During the early hours of 3 December 1984 the world’s worst industrial accident unfolded in the Indian city of Bhopal.
Poisonous gas escaped from a chemical plant and killed 3,000 people, according to official estimates. Other estimates put the number at between 8,000 and 10,000.
Around 50,000 suffered permanent disabilities, and more died later.
City in danger
Many people lived in shanty towns built alongside the factory and thousands more lived nearby in the old city.
There was no contingency plan for evacuation in the event of an emergency.
Poor sales had led the company to cut costs, scale back production and lay off around a third of the workforce.
Safety systems had also been cut.
The main ingredient of the pesticide made at the plant was a chemical called methyl isocyanate or MIC.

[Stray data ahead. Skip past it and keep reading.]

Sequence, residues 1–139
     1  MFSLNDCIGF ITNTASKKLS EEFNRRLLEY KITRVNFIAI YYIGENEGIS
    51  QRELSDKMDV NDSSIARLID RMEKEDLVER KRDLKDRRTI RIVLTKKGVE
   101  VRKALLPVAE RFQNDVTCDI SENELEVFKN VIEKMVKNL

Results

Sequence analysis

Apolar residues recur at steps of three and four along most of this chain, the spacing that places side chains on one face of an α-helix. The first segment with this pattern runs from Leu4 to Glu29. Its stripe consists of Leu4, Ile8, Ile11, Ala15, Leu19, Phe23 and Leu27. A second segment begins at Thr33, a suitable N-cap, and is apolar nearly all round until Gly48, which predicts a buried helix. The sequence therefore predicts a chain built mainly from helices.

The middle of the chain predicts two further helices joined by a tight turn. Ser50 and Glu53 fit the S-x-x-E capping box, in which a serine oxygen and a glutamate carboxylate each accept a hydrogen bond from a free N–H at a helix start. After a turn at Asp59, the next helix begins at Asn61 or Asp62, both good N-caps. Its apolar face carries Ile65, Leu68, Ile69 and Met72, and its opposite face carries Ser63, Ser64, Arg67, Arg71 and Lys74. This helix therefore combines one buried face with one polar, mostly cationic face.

MIC is one of the most toxic and lethal substances known to humans.
Safe storage requires it to be kept cool and isolated from water, which can trigger a violent runaway reaction creating heat and a deadly gas.
A worker cleaning out pipes with water sparked the disaster.
He did not use a basic but vital piece of equipment to isolate sections of pipe.
Water got into the tank where the MIC was stored, raising the temperature to over 200 degrees Celsius (392F), creating the lethal gas.
Several safety systems failed or were not working.
Bhopal was asleep when the gas struck.
Simple advice to move upwind or stay indoors and seal doors and windows with damp cloths could have saved thousands but Union Carbide had not told people what to do if there was a leak.
Crowds of terrified people fled.
Bhopal’s hospital was overwhelmed, lacking information about the gas or antidote.
Up to 500,000 survivors still suffer symptoms such as paralysis, partial blindness and impaired immune systems.
Union Carbide accepted “moral responsibility” for the disaster. It later blamed sabotage by a disgruntled worker.
After a legal agreement the firm provided victims with compensation averaging $500 (£300).